Thursday, January 27, 2011

What can save us from ourselves?: The tragedy in Arizona

I noted in the immediate aftermath of the tragic shootings in Tucson, Arizona that ideological moralizing is an inadequate response to evil. Beyond that, it is an act of self-deception, in which we try to convince ourselves that a few feeble legislative actions will solve the problem of evil in the world. The following is a statement by Communion and Liberation in the U.S. on this horrendous event and proposes the only adequate response, Christ Jesus, the Lord:

Who cannot be saddened and sickened by the shooting of Arizona Rep. Gabrielle Giffords and seventeen others, including six who died, among whom was a nine year-old girl? Yet, we so quickly seek the source of blame. We announce our findings. We accuse others or inadequate policies. We provide solutions that can be implemented. Then we argue about them for a time and move on. These events, however, invite us to ask profound questions, such as why such a thing should have happened in the first place, or to ask questions regarding the meaning of justice and evil.

We all thirst for love and truth, for goodness and fulfillment, and the shootings in Tucson outrage us for they contradict these desires. Yet, despite our thirst, evil dwells in all of us. This dramatic event is a reminder of the wound that affects each and every one of us, a reminder of our own evil.
We desire justice, and yet human justice is so limited in front of evil: it possesses so little power to restore the good destroyed by it. No one can give back the lives of those killed. No policy can resurrect a nine year-old girl. There is only One who possesses the power to restore all the good destroyed and he ardently desires to use it: God. “Man […] needs an answer that he himself cannot give,” as Pope Benedict states in his most recent book.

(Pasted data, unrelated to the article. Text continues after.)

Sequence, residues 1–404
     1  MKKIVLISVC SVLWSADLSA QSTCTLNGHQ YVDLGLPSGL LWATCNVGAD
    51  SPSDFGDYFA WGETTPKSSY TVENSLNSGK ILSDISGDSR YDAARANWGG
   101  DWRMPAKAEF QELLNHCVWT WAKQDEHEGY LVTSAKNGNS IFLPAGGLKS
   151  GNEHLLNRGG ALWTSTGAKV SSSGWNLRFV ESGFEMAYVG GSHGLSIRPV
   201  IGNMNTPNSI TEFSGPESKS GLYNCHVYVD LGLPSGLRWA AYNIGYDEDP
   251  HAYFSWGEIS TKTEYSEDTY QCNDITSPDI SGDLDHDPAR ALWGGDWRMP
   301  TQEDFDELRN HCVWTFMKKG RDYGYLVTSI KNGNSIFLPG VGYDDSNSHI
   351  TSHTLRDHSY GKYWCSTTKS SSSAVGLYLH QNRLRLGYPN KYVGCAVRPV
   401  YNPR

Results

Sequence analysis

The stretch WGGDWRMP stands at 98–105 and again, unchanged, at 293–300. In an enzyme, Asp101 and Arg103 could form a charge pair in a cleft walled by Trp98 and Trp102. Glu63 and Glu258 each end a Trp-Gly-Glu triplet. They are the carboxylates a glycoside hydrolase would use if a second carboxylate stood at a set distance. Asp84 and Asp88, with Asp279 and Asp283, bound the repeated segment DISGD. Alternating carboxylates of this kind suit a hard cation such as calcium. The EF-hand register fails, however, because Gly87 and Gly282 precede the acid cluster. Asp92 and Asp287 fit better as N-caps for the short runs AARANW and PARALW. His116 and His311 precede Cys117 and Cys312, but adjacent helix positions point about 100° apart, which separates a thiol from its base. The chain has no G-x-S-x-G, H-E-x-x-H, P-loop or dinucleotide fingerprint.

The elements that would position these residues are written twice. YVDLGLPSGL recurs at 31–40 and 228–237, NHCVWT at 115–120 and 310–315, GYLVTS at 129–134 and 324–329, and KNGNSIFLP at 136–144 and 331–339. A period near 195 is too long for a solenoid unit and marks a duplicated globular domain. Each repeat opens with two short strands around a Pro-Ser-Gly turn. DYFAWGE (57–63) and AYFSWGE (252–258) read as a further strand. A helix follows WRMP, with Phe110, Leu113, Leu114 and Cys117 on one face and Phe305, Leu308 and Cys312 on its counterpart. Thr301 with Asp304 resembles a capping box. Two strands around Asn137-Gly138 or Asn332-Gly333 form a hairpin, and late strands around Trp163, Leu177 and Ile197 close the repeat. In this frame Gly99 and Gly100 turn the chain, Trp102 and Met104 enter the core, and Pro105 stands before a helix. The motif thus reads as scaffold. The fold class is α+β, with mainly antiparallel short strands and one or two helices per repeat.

What is needed on our part? That our thirst for happiness become a simple acceptance of the gift of His presence among us. A real conversion is needed, and “Part of this conversion is putting God in the first place again. […] We must, so to speak, dare again the experiment with God—so as to allow him to work within our society.”(Benedict XVI)

We offer the words of Pope Benedict in his homily on Christmas Eve as the most adequate statement on such a tragedy, particularly pained by the suffering of the families of those who died or were wounded:

"God has anticipated us with the gift of his Son. God anticipates us again and again in unexpected ways. He does not cease to search for us, to raise us up as often as we might need. He does not abandon the lost sheep in the wilderness into which it had strayed. God does not allow himself to be confounded by our sin. Again and again he begins afresh with us. But he is still waiting for us to join him in love. He loves us, so that we too may become people who love, so that there may be peace on earth."

Communion and Liberation
January, 2011

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